Private car ownership is ridiculously wasteful

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Here’s a question: how big is the entire power plant fleet in your country compared to the fleet of vehicles?

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Two out of three cars would disappear from this picture if we switched to car-sharing (Photo by De-okin, edited, CC BY-SA 3.0)
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Energy Transition

Here’s a question: how big is the entire power plant fleet in your country compared to the fleet of vehicles? Craig Morris investigated the matter for Germany. Before you read on, take a guess: which one is bigger?

Two out of three cars would disappear from this picture if we switched to car-sharing (Photo by De-okin, edited, CC BY-SA 3.0)
Two out of three cars would disappear from this picture if we switched to car-sharing (Photo by De-okin, edited, CC BY-SA 3.0)

Germany’s private car fleet is some 40 times bigger than its entire conventional power fleet: 4,300 GW vs. 107 GW. And while these power plants run at around half of their rated capacity over the year, cars are only used on average an hour a day – and their motors are vastly overpowered for the tasks they generally perform.

A capacity factor (CF) reflects how much energy a unit produces relative to how much it could if running full-blast. The German power plant fleet runs at around half capacity (48%), and that number is even dropping because wind and solar are offsetting conventional power faster than plants close.

Critics of renewables say this trend is wasteful, but less fossil and nuclear power is the goal of the Energiewende, not some unintended, undesirable outcome.

If you want to criticize wastefulness, private car ownership is clearly a low-hanging fruit. Private cars are currently only used for around one hour a day. And they have vastly oversized engines; the average in Germany is around 128 horsepower (in German). We use a small fraction of that capacity to creep through our cities at an average of 30 km/h.

People don’t buy cars for everyday purposes. They buy them for outlying needs. We thus choose big engines, say, to haul heavy stuffeven if we rarely do so.

Families buy station wagons (as I, ahem, know from personal experience…) for those bimonthly family trips with luggage, but then the cars are used on a daily basis for something else: driving one parent to work alone.

Admittedly, comparing cars and power plants is a classic case of apples and oranges. Cars are power plants aren’t even used for the same thing; no one is suggesting that private cars running on diesel or gasoline should be used to generate electricity.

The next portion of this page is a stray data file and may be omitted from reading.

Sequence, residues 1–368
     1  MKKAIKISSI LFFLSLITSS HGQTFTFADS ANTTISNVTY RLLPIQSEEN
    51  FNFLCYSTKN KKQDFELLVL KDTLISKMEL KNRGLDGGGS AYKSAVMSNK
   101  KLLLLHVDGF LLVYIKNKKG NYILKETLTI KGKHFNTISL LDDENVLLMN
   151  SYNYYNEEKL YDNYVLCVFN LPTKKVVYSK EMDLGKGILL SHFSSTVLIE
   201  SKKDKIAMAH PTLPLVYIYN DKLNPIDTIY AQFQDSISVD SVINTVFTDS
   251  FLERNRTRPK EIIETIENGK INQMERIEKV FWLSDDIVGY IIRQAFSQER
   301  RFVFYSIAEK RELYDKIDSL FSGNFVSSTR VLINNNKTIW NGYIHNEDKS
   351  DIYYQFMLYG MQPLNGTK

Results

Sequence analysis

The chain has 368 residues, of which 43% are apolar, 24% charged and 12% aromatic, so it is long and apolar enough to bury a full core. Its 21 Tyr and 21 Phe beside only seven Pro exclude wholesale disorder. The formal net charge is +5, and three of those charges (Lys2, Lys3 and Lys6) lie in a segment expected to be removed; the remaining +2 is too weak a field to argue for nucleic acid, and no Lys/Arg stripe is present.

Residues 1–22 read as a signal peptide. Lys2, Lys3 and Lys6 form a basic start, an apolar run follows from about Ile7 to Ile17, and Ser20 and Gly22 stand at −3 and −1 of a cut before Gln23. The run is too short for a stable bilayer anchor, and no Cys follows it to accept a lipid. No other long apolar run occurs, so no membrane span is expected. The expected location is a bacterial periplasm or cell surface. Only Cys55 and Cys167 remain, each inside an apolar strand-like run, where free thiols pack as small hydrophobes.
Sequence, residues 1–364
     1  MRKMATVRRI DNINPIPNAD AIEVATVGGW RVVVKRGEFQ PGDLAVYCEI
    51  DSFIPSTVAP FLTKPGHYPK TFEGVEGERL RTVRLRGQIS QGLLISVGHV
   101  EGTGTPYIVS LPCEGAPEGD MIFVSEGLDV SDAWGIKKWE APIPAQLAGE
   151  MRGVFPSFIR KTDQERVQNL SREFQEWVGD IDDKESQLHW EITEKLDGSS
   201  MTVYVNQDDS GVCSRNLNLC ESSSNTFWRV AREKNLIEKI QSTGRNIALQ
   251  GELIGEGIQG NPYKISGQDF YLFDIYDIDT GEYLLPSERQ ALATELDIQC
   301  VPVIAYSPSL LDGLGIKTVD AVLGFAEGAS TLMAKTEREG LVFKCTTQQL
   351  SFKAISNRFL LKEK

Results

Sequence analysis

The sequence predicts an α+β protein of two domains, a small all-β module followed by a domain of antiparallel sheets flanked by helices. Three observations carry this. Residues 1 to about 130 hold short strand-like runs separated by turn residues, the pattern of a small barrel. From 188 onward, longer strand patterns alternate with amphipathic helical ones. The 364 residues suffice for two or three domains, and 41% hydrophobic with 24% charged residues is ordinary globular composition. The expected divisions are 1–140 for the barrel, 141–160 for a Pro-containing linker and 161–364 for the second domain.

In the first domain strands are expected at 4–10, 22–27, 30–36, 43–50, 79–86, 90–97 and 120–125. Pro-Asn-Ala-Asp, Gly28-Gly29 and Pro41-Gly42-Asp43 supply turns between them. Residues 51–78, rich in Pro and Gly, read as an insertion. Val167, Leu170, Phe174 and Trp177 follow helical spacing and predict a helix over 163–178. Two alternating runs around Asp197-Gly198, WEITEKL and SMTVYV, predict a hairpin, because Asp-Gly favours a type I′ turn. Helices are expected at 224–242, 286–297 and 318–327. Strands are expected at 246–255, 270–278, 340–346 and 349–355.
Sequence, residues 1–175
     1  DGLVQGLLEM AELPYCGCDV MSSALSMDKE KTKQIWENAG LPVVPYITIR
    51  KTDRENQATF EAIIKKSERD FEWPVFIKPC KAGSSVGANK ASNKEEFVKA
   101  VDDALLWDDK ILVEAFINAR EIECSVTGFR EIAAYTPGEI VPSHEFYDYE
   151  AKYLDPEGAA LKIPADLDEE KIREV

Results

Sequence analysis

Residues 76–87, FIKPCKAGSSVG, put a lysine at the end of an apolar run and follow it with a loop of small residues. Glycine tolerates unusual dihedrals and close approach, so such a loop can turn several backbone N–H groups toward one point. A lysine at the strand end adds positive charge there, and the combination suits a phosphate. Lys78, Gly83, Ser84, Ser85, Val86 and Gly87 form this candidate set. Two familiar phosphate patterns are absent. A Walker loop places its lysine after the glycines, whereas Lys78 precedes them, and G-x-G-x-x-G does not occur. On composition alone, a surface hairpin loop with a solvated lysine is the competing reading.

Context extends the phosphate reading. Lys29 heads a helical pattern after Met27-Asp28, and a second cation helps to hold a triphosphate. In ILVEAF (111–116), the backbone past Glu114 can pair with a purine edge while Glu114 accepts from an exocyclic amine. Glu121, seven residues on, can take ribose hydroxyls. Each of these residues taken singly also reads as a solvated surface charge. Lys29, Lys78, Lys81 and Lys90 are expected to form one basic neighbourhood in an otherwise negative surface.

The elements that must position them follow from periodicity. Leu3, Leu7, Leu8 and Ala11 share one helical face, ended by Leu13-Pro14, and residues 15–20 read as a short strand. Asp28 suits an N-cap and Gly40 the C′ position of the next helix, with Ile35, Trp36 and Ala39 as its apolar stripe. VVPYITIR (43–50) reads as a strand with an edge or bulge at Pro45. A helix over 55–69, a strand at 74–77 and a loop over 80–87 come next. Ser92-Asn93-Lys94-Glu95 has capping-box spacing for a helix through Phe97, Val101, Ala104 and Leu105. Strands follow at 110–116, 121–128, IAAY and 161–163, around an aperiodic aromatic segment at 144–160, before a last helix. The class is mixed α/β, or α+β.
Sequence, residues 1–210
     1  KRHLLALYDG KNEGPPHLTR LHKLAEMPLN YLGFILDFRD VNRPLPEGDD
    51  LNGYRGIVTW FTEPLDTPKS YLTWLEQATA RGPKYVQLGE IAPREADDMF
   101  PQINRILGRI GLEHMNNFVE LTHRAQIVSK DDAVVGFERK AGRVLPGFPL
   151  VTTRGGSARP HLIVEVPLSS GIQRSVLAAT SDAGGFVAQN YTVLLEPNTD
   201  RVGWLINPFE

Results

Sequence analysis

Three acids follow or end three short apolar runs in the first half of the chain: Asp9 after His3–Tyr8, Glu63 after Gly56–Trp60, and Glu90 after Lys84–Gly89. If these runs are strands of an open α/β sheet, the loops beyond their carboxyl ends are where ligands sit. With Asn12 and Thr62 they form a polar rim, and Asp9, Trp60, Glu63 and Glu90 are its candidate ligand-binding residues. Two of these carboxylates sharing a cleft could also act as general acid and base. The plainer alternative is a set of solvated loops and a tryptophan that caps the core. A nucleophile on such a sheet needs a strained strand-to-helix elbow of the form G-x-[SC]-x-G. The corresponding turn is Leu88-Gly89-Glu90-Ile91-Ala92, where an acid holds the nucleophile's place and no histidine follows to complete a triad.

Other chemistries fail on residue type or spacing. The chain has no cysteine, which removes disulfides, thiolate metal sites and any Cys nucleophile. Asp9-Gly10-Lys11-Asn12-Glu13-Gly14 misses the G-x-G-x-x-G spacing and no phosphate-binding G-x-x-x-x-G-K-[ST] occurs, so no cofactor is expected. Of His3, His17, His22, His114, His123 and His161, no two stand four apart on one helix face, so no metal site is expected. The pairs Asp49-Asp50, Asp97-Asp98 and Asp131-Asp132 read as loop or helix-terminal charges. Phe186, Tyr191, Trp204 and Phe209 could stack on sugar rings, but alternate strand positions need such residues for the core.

On the other hand, the CF of these cars is much lower than the 4% shown above – that’s just the one hour a day those cars are used. But even then, those engines are not running at full capacity; people rarely put the pedal to the metal. In reality, the capacity factor of privately owned cars is probably below one percent. It’s ludicrous.

So what’s the answer?

Lots of my readers are probably thinking, Craig, I can’t do without my car. I get that. Not everyone has good public transport, and in places like Berlin (a pretty car-friendly city, if you ask me) taking a car can be more convenient than taking a bus or tram.

Private car ownership is the main problem. A recent study by Germany’s Environmental Agency (UBA) found that German cities could do away with two thirds of cars if the entire fleet were shared. That change along would bring the fleet’s collective motor size down to 1,400 GW, “only” some 14 times greater than the current conventional power fleet in Germany.

And everyone would ideally be able to pick the car they need for each trip, so we could downsize lots of motors, improving efficiency even further. (That’s the problem with Tesla’s “ludicrous mode” (video): the cars still have oversized engines. But at least we can agree it’s ludicrous.)

If the shared car fleet were also electric, even greater advances would be possible. We’d no longer be comparing apples and oranges: these cars would be connected to power plants.

They would eventually run on excess wind and solar power (which Germany doesn’t yet have), and while stationary (so most of the time) shared EVs could help stabilize the grid by providing ancillary services.

By switching to a fleet of shared electric cars, we could increase our resource efficiency massively, even as we provide solar and wind space to grow further. We would also dramatically reduce the number of cars clogging up our streets. I’m not talking about traffic jams, but the excessive number of cars parked on our streets 23 hours a day.

Increasingly, Germans are becoming aware of the free ride we give privately owned cars. I close this article with a wonderful video (unfortunately, only in German) from Deutsche Welle. The narrator is taking back her street so it can be used by people. She argues that everyone pays for free parking spaces through taxes, so everyone should get to use them, not just car owners. So shared fleets of EVs it is!

Source: Energy Transition. Reproduced with permission.

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